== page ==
Sender-based versus receiver-based communication

We naturally tend to be egocentric, assuming others think as we do, use language as we do, and generally see the world as we do.  Since the only head we live in is our own, it is the only actual experience we have; we cannot live as another person.  This, however, leads to a problem.

Sender-based communication occurs when the sender acts in an egocentric manner, assuming the way they communicate is appropriate for everyone.  A sender-based person firmly believes others see the world and think as they do.  As a result, they see no need to adapt to others; after all, why change what is correct to begin with?  This person will assume that once something is said, it is communicated; any failure in communication is the fault of the other person.  A sender-based listener assumes how they interpret the message is how the sender intended it, not allowing for misinterpretation or misunderstandings.  It is a very absolute, self-centered, and non-adaptive approach to communication.

Receiver-based communication occurs when the sender acts in a provisional manner, assuming they need to consider how best to communicate this specific message to this specific person or to this audience.  They realize what works for one person or situation may not work for another.  They know language interpretation varies depending on background, and concepts may have to be presented in a variety of ways depending on the receiver.  Like everyone, they initially interpret the message egocentrically, but they then take a second step and ask, “Is this what the speaker intended?”  They realize misunderstandings and misinterpretations are typical, and they work to offset those from the beginning.

Receiver-based communication does not restrict us from what we want to communicate; rather, it guides us to think of our receiver and then package that message in the most effective manner.  We have all seen adults who seem to have no ability to talk to children; they do not know how to adapt their language to a child.  A sender-based communicator has far more difficulty initiating and maintaining a range of relationships.  Receiver-based communicators can move among a broader range of relationships, adapting to diversity far more effectively.  As we work to improve the quality of our communication, this ability to ask, “What about the receiver?” is key.  By shifting focus from ourselves to the other, we increase our ability to form messages more likely to lead to higher quality communication.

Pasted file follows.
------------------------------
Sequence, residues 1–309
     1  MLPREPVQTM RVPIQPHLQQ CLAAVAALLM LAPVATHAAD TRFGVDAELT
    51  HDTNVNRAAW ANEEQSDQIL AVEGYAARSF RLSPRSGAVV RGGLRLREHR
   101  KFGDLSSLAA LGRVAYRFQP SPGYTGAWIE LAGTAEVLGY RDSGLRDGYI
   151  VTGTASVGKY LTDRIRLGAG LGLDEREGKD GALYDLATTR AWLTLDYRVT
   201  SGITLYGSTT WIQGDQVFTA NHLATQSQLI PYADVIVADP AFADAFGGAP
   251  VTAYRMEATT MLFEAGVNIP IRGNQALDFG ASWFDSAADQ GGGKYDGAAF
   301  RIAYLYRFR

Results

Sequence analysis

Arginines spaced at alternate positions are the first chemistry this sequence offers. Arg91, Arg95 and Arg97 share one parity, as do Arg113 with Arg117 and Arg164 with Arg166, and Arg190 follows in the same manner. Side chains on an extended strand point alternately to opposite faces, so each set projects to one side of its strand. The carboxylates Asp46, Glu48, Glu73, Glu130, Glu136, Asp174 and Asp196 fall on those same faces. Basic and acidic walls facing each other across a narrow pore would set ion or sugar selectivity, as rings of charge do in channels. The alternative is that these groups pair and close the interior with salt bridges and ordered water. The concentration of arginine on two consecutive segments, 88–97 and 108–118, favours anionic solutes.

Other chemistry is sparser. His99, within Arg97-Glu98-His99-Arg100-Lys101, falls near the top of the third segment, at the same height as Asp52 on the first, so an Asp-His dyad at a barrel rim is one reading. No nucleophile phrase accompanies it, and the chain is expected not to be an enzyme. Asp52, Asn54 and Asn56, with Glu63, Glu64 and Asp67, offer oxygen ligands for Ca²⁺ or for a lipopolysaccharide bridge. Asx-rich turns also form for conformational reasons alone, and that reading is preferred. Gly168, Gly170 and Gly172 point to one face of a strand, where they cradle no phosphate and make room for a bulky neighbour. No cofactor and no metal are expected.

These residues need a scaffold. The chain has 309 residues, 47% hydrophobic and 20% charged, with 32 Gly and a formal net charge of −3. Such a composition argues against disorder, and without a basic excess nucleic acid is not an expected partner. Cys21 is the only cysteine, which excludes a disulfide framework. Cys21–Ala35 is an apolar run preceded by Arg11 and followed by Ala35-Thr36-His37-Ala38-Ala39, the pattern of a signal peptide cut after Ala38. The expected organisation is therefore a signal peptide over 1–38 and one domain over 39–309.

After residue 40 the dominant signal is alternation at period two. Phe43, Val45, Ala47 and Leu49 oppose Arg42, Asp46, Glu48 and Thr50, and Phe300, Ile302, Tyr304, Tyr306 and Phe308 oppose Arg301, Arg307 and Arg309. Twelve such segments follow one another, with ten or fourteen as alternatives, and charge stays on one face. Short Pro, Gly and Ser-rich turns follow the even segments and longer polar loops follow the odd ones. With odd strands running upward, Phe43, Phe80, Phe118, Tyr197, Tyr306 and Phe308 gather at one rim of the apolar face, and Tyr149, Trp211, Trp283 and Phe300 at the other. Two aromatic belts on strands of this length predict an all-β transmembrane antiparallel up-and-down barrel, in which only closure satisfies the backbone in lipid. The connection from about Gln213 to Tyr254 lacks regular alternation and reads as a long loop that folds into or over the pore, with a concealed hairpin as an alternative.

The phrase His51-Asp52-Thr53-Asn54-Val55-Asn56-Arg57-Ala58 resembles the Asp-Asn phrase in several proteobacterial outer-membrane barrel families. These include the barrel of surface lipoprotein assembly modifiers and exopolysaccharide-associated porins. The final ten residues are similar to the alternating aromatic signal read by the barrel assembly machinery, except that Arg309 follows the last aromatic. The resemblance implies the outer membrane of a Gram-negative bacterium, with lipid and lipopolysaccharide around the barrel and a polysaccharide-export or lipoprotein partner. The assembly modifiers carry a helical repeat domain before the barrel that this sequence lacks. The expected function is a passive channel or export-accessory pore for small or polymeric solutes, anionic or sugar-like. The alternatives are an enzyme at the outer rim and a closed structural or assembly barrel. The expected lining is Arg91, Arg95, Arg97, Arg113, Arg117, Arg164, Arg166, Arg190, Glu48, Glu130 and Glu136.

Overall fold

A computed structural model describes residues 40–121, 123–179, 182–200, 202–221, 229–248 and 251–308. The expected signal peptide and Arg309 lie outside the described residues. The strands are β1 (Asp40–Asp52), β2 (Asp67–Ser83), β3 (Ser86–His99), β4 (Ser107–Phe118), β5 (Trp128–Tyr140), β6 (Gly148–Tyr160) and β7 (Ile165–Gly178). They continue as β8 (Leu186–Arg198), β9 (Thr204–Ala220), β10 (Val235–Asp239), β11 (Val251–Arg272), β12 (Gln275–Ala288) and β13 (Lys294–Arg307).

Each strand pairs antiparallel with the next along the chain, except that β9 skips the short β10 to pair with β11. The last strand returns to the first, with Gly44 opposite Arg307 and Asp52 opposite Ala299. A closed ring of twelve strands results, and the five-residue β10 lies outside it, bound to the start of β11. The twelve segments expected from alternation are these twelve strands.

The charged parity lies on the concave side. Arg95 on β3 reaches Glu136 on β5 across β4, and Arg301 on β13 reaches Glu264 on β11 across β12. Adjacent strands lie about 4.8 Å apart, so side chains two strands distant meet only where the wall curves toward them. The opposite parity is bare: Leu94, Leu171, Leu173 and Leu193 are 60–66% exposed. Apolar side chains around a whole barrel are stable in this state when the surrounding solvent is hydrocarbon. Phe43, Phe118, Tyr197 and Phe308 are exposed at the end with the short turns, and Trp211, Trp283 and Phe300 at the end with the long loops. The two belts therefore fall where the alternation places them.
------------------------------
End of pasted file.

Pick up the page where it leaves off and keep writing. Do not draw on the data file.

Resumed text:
The ultimate goal of studying communication is to become self-reflexiveBeing a self-reflexive communicator means thoughtfully making choices about the most appropriate communication methods for a situation.  We ascertain the dynamics of the event, and we adapt our communication to work with those dynamics so as to increase the likelihood of success.  We do not need to change our values, viewpoints, or beliefs; we need to learn how best to communicate with others in different situations.  Consider a medical provider, such as a nurse or physician.  They need to be self-reflexive to determine how best to speak to the diversity of patients they treat.  They encounter varying ages, language abilities, education levels, and cultural backgrounds.  By being sensitive to the need to adjust to the receiver, they can better communicate with their patients.

Key Concepts

The terms and concepts students should be familiar with from this section include:

Oral and Aural Communication

Four communication settings

The Transactional Theory of Communication

The Purposes of Communication

The Characteristics of Communication

Sender-Based versus Receiver-based Communication